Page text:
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GNSS Correction Services and Geodetics

Part 4: GNSS Correction Services and Geodetics

In Part 2 of our ‘Geodetics Blog Series’ we talked about how geodetics in differential correction can be a common source of error for users collecting GIS data. In this blog post we will dive into a little bit more detail about this topic.

Geodetics of Differential Correction

Illustration explaining differential correction

In differential correction of GNSS data, whether in real-time or offline (post-processing), GNSS error is “removed” by comparing the data a user collects with data collected at one or more reference, or base, stations. The position of these reference stations is almost always known to a high degree of accuracy. As with any measurement of positions on the surface of the Earth, the coordinate must be expressed relative to some coordinate system, or reference frame (at least a datum and epoch). The results of differential correction will therefore always share the same reference frame as that of the correction source.

Types of Correction Sources

Correction sources can be generally considered local or global:

Local Correction Sources

Local correction sources depend on reference stations in local proximity to where the user is collecting data, with accuracy generally a function of distance from the reference stations. For real-time GNSS corrections, single-base and network Real-Time Kinematic (RTK) correction sources including VRS are the most common. Corrections from these sources are usually delivered over IP-based or radio connections. For offline (post-processed) GNSS corrections, Trimble Mapping and GIS software makes use of local base stations, many of which also participate in RTK networks.

Illustration of how Trimble VRS/RTK works over IP/cellular

In the case of these local correction sources, the reference frame is commonly a local reference frame, and specifically, the most current realization of the officially recognized datum for that area.

Some examples:

Region Local Correction Source Local Datum
United States of America Trimble VRSNow

NAD 1983 (2011) epoch 

United States of America State/Regional Departments of Transportation,
and other local networks1
NAD 1983 (2011) epoch 
UK Trimble VRSNow ETRF97
Europe Trimble VRSNow ETRS89

1 Examples for Ohio, Minnesota, New York

Global Correction Sources

Global correction sources generally apply to a much wider area, if not the entire globe, and rely on a more dispersed network of reference stations. Real-time correction streams from global correction sources are generally delivered from L-band satellites, but Internet protocol (IP) streams can also be available. The most common global correction sources are Satellite Based Augmentation Systems (SBAS) available in North America, Japan, and Europe and Trimble RTX, available globally.

Illustration showing how Trimble RTX works over satellite

As with the local correction sources, the global correction sources also directly impact the coordinate system of the collected data through the reference frame used. In all cases, global correction sources will use a global reference frame (typically ITRF2014) at the epoch of measurement (EoM; the current date).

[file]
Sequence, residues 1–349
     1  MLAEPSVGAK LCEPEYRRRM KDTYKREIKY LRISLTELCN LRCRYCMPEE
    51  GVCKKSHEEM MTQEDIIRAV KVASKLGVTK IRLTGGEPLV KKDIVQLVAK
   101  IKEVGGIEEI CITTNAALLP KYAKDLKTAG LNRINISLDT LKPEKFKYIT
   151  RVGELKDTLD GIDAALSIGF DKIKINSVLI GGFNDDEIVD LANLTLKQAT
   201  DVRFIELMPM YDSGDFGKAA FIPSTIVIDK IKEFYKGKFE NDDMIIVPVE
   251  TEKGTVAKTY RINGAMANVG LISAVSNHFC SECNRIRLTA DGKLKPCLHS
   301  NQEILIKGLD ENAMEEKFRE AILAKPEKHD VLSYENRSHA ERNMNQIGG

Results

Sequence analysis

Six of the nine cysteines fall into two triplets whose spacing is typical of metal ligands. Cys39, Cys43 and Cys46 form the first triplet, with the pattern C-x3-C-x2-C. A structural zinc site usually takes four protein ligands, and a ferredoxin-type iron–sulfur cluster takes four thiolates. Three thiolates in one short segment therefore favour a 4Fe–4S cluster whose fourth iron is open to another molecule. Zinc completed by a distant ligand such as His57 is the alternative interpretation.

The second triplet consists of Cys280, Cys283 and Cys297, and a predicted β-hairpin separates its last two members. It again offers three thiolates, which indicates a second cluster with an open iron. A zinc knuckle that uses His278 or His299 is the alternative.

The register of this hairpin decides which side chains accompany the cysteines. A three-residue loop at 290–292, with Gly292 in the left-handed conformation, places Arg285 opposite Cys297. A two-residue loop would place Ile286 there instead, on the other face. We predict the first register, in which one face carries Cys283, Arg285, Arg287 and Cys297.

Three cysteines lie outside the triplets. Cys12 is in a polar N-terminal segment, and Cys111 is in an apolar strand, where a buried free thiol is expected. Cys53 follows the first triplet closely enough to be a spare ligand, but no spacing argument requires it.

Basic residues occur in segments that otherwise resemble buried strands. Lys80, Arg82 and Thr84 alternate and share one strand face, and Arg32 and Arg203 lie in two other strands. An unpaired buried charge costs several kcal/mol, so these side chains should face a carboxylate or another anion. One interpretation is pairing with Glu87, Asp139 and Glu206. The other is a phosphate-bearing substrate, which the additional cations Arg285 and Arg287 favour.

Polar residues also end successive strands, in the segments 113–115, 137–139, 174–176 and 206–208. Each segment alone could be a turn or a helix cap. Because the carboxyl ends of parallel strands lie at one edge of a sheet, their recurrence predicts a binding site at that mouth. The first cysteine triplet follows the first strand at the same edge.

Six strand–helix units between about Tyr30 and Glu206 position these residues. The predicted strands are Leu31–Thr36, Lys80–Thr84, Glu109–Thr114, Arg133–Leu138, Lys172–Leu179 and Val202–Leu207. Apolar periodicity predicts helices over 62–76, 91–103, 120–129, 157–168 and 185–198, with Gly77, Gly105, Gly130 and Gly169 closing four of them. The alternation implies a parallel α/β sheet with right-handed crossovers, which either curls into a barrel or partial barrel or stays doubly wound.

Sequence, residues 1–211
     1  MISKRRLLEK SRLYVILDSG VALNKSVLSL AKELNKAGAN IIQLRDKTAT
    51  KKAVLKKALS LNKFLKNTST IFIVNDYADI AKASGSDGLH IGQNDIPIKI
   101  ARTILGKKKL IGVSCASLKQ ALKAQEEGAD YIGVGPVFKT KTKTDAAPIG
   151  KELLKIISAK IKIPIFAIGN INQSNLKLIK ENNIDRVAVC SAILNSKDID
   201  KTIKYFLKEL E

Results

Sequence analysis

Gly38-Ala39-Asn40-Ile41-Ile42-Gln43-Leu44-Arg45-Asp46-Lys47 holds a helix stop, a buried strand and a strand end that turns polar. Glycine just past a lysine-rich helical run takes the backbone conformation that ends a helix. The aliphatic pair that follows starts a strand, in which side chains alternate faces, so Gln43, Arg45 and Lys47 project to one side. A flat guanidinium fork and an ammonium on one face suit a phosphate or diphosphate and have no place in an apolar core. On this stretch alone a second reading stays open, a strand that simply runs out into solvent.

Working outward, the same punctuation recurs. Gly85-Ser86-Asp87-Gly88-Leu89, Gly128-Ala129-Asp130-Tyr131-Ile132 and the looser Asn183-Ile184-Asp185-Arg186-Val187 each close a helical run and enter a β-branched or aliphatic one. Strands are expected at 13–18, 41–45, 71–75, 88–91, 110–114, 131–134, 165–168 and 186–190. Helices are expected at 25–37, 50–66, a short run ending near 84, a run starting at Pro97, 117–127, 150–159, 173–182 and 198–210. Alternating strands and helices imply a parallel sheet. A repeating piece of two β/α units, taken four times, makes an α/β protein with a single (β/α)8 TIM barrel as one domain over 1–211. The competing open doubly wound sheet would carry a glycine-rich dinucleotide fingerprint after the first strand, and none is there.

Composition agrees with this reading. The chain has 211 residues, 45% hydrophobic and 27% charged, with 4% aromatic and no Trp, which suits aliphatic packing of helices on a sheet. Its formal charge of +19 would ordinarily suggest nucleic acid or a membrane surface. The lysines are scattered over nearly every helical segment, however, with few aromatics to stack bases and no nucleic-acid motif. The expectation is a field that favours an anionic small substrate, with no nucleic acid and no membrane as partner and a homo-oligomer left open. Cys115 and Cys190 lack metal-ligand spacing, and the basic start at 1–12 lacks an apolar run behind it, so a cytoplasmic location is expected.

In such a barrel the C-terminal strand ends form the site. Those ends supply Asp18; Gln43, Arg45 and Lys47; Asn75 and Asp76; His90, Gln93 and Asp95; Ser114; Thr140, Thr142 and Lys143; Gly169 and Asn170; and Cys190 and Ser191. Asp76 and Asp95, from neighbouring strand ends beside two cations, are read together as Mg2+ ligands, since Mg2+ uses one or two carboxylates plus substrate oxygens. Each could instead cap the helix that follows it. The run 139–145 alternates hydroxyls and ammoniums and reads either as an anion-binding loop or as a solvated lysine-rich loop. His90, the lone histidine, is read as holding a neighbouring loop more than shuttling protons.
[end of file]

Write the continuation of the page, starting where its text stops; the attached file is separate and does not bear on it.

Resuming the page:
Some examples:

Region Global Correction Source Global Datum
Global Trimble RTX ITRF2020 EoM
North America WAAS (SBAS) ITRF2014 EoM
Japan QZSS and MSAS (SBAS) ITRF2014 EoM
Europe EGNOS (SBAS) ITRF2014 EoM

Relation of Differential Correction Datum to GIS Coordinate System

In many regions of the world, the local datum or reference frame used by local correction sources is the “same” as that commonly used by GIS customers when storing their data. By “same” we mean that it, or a closely related realization of the datum, is used in the coordinate system (geographic or projected) in which GIS data is stored. For example, in the United States, GIS data is often stored in a projected coordinate system based on NAD 1983 (2011) and as the table earlier shows, this matches the reference frame used by most local correction sources in the region.

However, in some regions of the world, the datum used by local correction sources is distinctly different from that commonly used to store GIS data. This is typically because the correction sources will utilize a local datum more closely aligned with the global datum used by GNSS. Fortunately, a datum transformation is generally well defined for such cases. In the table below, we illustrate some common examples of this:

Region Local Correction Datum (typical) GIS Coordinate System (typical)
UK ETRF97 (frame of ETRS89) OSTN15 (OSGB36)
Netherlands ETRF2000 (frame of ETRS89) RD 2018 (Amersfoort)

Software Handling of Corrected Data

During field data collection using GNSS, users will often use a mix of local and global correction sources, sometimes with the latter being a backup for the former. Additionally, data may be collected prior to when the real-time correction source is available, or delivering a real-time correction solution. Together, this means that the field data collection software needs to be able to dynamically deal with different coordinate systems and apply datum transformations as necessary to store collected data in a consistent coordinate system. The previous blog post discussed the various ways in which Trimble® TerraFlex™ does this and specifically allows for the use of both global and local correction services.

Similarly, in offline (post-processed) GNSS correction workflows, the office software needs to apply datum transformations as necessary to handle different coordinate systems among the collected GNSS data (which could have been corrected in real-time as well), the base station used for processing, and the GIS repository where the corrected data will be stored.